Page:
## Quiz: Can you describe a square with 1 equation?

I was hanging out with my friends, and somehow the topics wandered into something that prompted a mischievous grin from one of the guys.

“Eh, I have a maths problem for you.” He could probably blind someone with that playful twinkle in his eye.

Can you describe a square with just 1 equation?

“What?” My mind was already racing to solve the problem.

“Just take it as a square in the 2D Cartesian plane. The centre of the square will be at the origin (0,0) to simplify the equation.” He seemed delighted to have stumped me.

I asked if there were any boundary conditions. No. Was the equation elegant? As in fairly simple when looked at, no mangling of terms. He gave it a second, and… yes, it was elegant.

Then he said the most important piece of information so far. “The answer might anger mathematicians. It is probably one of the fundamental differences between an engineer and a mathematician.”

Our conversations left this topic. But my brain was subconsciously still working on it. Then I blurted, “I think I solved it.” I described my way of thinking, and he said that’s along the correct line of thought. Then he just gave me the answer.

Yes, I agree. The answer will probably ruffle the feathers of the math purists.

As of this writing, I have yet to come up with the analytical formula of an equation to describe a square. I will post my findings, and my friend’s answer in a week’s time. You are encouraged to come up with your own solution. Post in the comments. Better yet, write about it in your blog. Tell your friends about it. Show them how awesomely clever you are.

Can you describe a square with 1 equation?

Bonus fun: My friend tried to explain a bit more. “There’s only one equal sign.” I think he was trying to insult me or something…

Update: Find out the answer.

## Multiply by -1 to change sign considered harmful

Recently, I had the honour to delve into the depths of some legacy code. The program handled some financial data, and there was a section where the value had to change sign. The exact details aren’t important to the story, so let me come up with a suitable example. Uh… payment!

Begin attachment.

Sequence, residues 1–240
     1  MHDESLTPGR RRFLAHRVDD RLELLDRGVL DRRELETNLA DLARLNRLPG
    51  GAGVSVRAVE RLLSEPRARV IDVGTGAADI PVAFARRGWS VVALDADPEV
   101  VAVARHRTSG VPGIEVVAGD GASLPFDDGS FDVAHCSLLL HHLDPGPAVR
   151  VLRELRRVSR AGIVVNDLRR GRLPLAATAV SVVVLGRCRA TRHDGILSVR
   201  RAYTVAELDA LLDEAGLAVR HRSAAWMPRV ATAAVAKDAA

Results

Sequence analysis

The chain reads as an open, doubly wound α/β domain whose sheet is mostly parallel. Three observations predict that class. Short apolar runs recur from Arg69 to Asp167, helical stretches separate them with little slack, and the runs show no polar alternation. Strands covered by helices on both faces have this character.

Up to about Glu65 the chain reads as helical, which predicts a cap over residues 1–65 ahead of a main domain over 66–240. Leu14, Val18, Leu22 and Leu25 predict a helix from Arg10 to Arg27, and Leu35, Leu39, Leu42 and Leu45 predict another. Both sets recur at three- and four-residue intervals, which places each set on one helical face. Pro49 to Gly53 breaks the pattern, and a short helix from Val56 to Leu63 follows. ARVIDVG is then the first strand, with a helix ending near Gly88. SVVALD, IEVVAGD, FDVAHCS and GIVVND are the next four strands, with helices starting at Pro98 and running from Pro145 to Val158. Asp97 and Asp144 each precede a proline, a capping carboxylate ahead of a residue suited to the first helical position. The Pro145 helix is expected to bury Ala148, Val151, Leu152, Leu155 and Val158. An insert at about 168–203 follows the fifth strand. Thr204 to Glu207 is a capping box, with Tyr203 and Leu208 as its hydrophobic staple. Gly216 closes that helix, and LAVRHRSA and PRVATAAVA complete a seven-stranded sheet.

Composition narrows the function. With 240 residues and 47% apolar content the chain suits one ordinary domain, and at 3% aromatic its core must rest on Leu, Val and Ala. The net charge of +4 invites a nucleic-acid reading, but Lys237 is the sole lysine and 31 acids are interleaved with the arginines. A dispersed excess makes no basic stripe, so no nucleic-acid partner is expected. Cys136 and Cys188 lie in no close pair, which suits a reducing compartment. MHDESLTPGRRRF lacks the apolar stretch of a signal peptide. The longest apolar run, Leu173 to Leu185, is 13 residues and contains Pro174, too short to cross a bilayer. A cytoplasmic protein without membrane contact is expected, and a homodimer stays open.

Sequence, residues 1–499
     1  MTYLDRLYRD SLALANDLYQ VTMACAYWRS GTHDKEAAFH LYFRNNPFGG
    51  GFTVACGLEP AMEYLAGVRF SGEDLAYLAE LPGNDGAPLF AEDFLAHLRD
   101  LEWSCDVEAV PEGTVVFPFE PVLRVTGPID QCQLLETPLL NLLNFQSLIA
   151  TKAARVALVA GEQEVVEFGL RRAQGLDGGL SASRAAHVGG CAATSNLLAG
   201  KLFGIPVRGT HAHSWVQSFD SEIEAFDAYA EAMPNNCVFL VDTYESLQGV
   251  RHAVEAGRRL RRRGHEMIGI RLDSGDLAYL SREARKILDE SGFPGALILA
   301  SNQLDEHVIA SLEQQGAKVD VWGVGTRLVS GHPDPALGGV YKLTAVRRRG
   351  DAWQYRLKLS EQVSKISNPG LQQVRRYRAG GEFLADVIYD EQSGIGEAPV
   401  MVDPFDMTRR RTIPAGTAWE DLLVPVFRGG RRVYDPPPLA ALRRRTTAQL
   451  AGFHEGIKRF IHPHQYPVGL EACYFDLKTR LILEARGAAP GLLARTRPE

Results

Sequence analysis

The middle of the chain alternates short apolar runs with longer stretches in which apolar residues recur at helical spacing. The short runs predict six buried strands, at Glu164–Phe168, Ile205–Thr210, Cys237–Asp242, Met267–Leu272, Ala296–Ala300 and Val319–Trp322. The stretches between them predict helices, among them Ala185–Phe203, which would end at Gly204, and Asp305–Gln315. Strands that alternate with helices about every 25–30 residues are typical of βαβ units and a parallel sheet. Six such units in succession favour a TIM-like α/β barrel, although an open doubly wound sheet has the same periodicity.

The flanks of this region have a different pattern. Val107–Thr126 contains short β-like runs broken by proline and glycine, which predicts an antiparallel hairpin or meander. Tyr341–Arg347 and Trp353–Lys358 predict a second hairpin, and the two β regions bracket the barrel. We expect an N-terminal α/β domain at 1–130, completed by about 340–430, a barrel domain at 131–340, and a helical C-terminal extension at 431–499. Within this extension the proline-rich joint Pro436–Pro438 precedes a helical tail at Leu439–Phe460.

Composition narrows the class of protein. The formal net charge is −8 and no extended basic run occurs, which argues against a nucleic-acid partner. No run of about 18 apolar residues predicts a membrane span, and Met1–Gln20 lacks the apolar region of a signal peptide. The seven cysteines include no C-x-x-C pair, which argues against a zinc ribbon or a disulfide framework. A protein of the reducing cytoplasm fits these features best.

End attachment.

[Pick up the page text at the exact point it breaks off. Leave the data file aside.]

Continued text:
The monetary value stored in the database was considered positive (or profit). When people pay you \$10, you have a record with \$10 in the database. What happens when you pay other people? You use a negative value. This keeps the column data storage logic consistent.

So the variables used in the program stored positive values of the amount you need to pay other people, performing calculations as normal. When it came time to store in the database, there was a last line of code before the database update:

```decPayment = decPayment * (-1);
```

Was -1 a magic number (as in, it was hardcoded, and could be some other number)? Was the multiplication in error (maybe it was supposed to be addition)? Was this line of code even supposed to exist?

It turned out that the programmer wanted to change the sign of the variable value. This method of changing sign has some downsides:

• Multiplication is expensive. Maybe processor chips are fast now, but still…
• The intent is not clear (what is it trying to achieve?)
• It has more characters than the more optimal way

So what’s the “more optimal way”?

```decPayment = -decPayment;
```

You don’t have to multiply by -1 to change the sign of a variable. Just directly negate it.

## Help: Systolic arrays and matrix multiplication

Commenter apit had given me a problem which I am unable to help with: Matrix multiplication using systolic arrays.

I searched and I came up with very little. About the only thing I understood was that the “array” was not the variable array in code. It’s an array of processors. Systolic arrays are used for parallel processing.